5 Beach-ish Reads for the Summer

5 Beach-ish Reads for the Summer

summer books

I don’t know about your part of the world, but it is HOT where I live. I want everything else around me to be lighter, cooler, and more relaxed. My clothes, our dinners, the sheets on my bed. And the books I read.

When the weather is hot and sticky and relentless, I crave books that don’t require too much effort on my part. I still want good stories, but I like plots that don’t demand too much of my concentration. I hope you find one – or more – novels in this list that appeal to you. Happy summer reading!

Nora Goes Off Script by Annabel Monaghan

I didn’t want this book to end!

Fans of the Hallmark Channel, please take note… My favorite read of the summer so far, this novel is fun and light without being fluffy or silly.

In the tea house of her beloved, well-worn home, Nora Hamilton writes formulaic movies for the Romance Channel. Her scripts are all the same. A quaint small town. A cupcake bakery or a flower shop or a romantic inn. Two people butt heads, only to fall in love after the commercial break and live happily ever after. 

After her divorce, Nora pounds out the best screenplay of her career. Heartthrob Leo Vance is cast as her loser husband, film crews take over Nora’s home, and her life will never be the same.

This feel-good, happy book would make a great movie in real life. I can picture it on the big screen!

True Biz by Sara Novic

True biz (adj./exclamation; American Sign Language): really, seriously, definitely, real-talk

This is the first book I’ve read focusing on a deaf community’s perspective. I enjoyed this dive into sign language, cochlear implants, and homes with hearing siblings or parents. 

At River Valley School for the Deaf, a boarding school, readers follow students and their hearing headmistress through the ups and downs of high school life. Although the coming-of-age story was entertaining, I was more intrigued with the deaf world I knew little about.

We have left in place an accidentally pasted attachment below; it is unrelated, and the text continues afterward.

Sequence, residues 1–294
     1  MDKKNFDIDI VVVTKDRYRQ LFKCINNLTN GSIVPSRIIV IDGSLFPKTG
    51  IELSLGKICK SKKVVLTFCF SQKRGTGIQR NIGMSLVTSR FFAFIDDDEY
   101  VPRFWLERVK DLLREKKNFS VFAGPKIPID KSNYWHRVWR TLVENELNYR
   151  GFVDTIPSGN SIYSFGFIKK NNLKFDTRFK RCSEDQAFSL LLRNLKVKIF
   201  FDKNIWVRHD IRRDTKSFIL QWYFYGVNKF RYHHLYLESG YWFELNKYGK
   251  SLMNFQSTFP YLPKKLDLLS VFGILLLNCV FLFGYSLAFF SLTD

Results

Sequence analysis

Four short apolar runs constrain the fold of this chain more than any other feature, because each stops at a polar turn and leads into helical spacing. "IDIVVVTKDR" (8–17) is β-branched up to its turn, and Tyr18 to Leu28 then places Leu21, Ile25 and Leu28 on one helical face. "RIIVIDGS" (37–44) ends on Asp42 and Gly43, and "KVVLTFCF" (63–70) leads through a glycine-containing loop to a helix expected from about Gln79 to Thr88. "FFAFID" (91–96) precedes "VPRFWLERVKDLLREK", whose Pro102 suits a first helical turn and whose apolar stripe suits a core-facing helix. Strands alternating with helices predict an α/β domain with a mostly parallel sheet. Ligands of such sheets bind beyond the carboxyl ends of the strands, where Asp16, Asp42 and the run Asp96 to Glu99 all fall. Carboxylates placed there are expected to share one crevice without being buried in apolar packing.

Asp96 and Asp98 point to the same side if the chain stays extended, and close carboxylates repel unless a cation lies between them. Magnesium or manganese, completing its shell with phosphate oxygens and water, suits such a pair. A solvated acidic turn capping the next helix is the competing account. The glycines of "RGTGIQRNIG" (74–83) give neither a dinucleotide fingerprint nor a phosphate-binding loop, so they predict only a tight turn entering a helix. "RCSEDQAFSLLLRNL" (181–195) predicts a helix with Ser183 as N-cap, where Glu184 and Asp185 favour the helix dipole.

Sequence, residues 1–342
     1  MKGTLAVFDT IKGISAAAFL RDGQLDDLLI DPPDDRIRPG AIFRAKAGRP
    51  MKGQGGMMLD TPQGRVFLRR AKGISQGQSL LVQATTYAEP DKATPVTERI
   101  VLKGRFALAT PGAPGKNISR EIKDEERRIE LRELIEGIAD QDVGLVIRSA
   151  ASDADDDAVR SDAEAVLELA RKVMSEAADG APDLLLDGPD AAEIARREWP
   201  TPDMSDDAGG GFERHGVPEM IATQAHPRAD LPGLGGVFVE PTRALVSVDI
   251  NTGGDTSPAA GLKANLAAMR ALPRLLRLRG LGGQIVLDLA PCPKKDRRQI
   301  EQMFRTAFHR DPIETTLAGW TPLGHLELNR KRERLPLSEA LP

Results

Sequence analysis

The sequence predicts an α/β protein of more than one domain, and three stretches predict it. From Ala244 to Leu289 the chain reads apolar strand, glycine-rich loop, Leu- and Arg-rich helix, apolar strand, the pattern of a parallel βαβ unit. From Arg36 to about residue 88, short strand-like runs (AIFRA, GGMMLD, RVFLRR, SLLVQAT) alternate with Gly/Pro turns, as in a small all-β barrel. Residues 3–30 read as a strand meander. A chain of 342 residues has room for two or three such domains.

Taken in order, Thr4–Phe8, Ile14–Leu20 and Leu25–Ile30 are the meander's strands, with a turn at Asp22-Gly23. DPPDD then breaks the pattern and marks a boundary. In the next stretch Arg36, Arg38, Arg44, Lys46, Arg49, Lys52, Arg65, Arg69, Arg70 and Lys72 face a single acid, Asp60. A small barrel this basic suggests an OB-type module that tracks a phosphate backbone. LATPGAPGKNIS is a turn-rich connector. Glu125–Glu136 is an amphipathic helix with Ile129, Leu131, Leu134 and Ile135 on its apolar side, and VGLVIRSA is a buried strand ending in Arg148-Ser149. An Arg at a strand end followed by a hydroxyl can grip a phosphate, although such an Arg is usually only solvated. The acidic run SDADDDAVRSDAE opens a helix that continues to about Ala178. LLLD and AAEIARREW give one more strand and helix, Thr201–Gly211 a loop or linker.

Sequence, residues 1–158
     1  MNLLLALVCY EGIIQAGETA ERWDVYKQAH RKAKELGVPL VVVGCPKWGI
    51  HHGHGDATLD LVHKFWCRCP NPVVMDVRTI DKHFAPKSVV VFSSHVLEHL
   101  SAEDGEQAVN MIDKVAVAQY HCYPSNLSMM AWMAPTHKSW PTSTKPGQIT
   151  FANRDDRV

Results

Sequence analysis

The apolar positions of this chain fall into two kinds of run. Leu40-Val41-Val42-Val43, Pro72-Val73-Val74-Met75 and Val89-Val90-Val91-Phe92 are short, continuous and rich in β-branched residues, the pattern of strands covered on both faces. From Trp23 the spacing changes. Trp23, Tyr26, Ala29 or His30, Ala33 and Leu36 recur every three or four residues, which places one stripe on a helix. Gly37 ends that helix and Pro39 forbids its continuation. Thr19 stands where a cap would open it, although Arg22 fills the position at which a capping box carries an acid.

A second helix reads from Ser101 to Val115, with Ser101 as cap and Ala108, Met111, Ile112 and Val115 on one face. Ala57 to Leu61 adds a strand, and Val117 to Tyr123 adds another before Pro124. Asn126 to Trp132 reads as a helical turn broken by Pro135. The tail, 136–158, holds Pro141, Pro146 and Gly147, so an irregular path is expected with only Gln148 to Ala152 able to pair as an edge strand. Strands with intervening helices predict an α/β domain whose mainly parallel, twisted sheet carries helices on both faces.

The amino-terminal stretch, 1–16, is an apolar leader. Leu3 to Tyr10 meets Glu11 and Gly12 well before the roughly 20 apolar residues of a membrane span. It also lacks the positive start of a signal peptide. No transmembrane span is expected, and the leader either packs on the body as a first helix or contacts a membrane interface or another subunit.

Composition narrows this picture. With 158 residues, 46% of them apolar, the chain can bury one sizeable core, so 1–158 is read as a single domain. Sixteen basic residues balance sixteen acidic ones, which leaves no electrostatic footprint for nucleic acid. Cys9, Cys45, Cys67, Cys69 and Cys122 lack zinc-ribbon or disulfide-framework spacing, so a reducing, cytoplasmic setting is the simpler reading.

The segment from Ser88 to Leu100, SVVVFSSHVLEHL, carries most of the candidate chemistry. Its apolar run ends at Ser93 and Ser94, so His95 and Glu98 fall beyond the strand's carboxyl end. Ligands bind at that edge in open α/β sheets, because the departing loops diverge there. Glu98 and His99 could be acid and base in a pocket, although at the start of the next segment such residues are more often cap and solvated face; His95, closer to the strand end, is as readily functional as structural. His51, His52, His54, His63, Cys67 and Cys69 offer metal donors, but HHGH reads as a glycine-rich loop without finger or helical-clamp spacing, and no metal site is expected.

Author Sara Novic, also deaf, attended college and graduate school classes with an interpreter, often feeling isolated from the mainstream. She wanted this bestselling novel “to be a place where deafness is the norm and you, as the hearing reader, are the weird one.”

The Truth About Ben and June by Alex Kiester

When Ben wakes up in the morning, he can’t calm his crying baby, and he can’t find his wife, June. She is gone, without a trace. 

Although I enjoyed this story, young moms will especially relate to it. New mothers often wonder who they are and what they will become. Add newborn baby exhaustion, overworked husbands, minimal communication, and tense relationships. 

When June became pregnant, she gave up a dancing career and now wonders what might have been. As Ben tracks down June’s friends to determine her whereabouts, he discovers his wife isn’t the person he thought she was. 

I enjoyed the unique structure of this novel, with June’s version of the story told through letters June wrote to her deceased mom. I also liked the dancing reference, the novel’s quick pacing, and its characters. Although the Greek mythology angle didn’t work for me, I know other readers will appreciate it. 

Let’s Not Do That Again by Grant Grinder

Nancy took over her dead husband’s congressional seat, and a few years later, she’s running for the Senate. She wasn’t always available when her young children needed her. But Greta and Nick are now adults, and Nancy needs their help. 

The problem is Nancy’s grown kids are floundering. Greta hates her mom and loves an extremist. Nick is struggling with writing a musical about the life of Joan Didion. But family must help one another, right?

This smart novel marches along with a unique, albeit semi-outlandish plot. Family dynamics tossed with politics and rebellion make for an enjoyable read. The author, a former political aide, also wrote The People We Hate at the Wedding, coming soon to theaters.

The Perfect Neighborhood by Liz Alterman

Another reminder we never know what goes on behind neatly painted front doors or white picket fences…

When an actress/model leaves her husband in the middle of the night, the Oak Hill neighborhood tongues start wagging, and speculation abounds. And then, a young boy disappears from this picture-perfect neighborhood while walking home from kindergarten. My first thought? A five-year-old walks home alone? Who allows that to happen? But it did. 

Lots of twists and turns and fingerpointing ensue. The mom? The babysitter, stepbrother, former nanny? 

And then another child goes missing. 

This novel is a quick-moving read, and the anecdotes reminded me of people we all know. Since it does revolve around missing children, this book may not be for everyone. But, as I read, I knewI could tell the story would not have a disturbing end. And I was correct.

Do you read lighter books in the summer? What reading recommendations do you have? Any beach reads to share?

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